Lufax has also increased its direct exposure to credit risks by boosting its use of trust plans for loan facilitation, which the company says helps lower funding costs. Under such a model, a third-party trust company collects a pool of funds from investors, then lets Lufax distribute the money to borrowers. Lufax also sometimes contributes funds to trust plans, in which it cases it carries the loans on its balance sheet and earns interest income. As Lufax increasingly cuts out guarantors for such loans, it exposes its own balance sheet to growing credit risks.
To minimize losses from new loans, Lufax is trying to target small businesses owners that are faring relatively well, even if that costs the company revenue growth. As it becomes more cautious, Lufax expects to generate only about two-thirds of the loan volumes it processed during the good times, Chairman YongSuk Cho said on a conference call to discuss the latest results.
Cho added that Lufax isn’t anticipating its profitability will improve notably until 2024. That’s a pretty grim outlook, but the company’s management can’t be blamed for being too downbeat as things stand now in China. For one thing, there’s no clear sign that the Chinese government will completely give up on its zero-Covid policies despite their massive economic costs and growing public frustrations.
The government did ease some rules earlier this month. But as Covid cases surge again, lockdowns have come back. That’s bad news for Lufax because small business owners that are its primary borrowers are among the most vulnerable to shutdown orders.
The company’s loan performance tends to fluctuate widely as lockdowns come and go. For example, in Shanghai, which was shut in April and May, Lufax saw the ratio of loans expected to be nonperforming in three months more than quadruple to exceed 2% in the second quarter from pre-lockdown levels. Then the figure dropped dramatically quickly after the city reopened.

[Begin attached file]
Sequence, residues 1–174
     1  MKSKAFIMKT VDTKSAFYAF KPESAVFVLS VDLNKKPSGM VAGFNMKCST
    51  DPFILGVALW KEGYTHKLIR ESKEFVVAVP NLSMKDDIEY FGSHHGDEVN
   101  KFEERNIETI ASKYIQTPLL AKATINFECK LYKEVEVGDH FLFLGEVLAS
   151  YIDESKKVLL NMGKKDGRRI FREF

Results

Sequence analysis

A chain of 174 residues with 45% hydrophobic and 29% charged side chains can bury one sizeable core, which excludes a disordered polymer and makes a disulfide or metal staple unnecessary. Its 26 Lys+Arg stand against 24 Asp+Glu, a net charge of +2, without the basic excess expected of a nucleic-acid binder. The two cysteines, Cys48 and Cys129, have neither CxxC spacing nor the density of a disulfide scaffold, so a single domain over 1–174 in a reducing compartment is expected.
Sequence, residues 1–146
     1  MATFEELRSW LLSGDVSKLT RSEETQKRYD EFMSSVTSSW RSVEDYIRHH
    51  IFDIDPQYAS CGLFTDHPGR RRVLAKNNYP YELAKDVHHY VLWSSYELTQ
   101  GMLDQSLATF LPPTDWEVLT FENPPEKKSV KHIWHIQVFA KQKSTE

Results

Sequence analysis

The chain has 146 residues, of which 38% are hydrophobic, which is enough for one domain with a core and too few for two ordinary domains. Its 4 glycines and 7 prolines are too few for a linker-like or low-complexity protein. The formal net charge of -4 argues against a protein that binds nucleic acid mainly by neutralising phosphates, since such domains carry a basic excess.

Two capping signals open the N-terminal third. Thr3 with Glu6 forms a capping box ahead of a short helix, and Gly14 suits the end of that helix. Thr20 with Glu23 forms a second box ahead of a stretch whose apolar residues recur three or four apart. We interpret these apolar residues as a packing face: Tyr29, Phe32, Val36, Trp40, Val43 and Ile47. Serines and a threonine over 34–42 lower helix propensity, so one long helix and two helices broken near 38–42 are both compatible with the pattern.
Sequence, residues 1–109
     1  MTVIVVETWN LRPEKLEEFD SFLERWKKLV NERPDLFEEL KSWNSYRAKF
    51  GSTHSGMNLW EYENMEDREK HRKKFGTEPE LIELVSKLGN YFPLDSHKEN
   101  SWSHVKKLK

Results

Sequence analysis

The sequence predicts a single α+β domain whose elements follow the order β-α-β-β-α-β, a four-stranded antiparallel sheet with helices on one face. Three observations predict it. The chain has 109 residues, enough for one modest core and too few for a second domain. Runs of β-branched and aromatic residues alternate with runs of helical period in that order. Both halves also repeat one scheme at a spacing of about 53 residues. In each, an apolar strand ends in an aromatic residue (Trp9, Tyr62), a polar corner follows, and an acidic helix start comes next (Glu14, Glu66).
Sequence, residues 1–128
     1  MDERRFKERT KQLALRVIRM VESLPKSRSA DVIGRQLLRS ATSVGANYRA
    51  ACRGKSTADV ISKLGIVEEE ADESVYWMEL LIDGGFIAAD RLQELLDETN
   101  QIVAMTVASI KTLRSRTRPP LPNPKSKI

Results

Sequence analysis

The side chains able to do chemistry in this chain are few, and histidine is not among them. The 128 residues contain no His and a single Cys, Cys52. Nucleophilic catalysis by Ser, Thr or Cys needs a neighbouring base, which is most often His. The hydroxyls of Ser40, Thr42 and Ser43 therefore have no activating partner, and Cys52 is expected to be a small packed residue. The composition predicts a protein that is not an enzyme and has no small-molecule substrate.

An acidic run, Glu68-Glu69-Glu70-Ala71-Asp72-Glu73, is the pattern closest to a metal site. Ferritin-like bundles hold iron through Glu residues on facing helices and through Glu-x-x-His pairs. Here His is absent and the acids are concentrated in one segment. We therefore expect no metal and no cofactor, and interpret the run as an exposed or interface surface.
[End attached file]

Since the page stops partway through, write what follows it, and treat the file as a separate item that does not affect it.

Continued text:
Lufax’s gloomy third-quarter earnings, which missed analysts’ forecasts, sent its shares plunging 20% the day after the report’s release, as some investment banks including JP Morgan cut their price targets for the stock.
Lufax shares have lost nearly 90% of their value since its IPO just two years ago. Looking back, the company couldn’t have picked a worse time to go public since its debut coincided with the pandemic’s early period, combined with an ongoing clampdown by Chinese regulators on fintech companies.
Lufax has still managed to grow its annual revenue and profit in each of the past two years, but that run seems to be ending. The company’s revenue and net profit are both projected to decline this year, according to average estimates compiled by Yahoo Finance.
Lufax shares trade at a price-to-earnings (P/E) ratio of 2, far below the nearly 4 for FinVolution Group (FINV.US), a consumer financing platform that is weathering the current economic downturn better with continued revenue growth and a lower bad debt ratio. The valuation gap indicates the focus on small businesses is making life harder for Lufax than other loan facilitator, none of which are exactly having a great time.
For Lufax and its peers, the only way forward may be just to “lay flat” – a popular expression in China these days for taking a breather – and wait for the hard times to pass.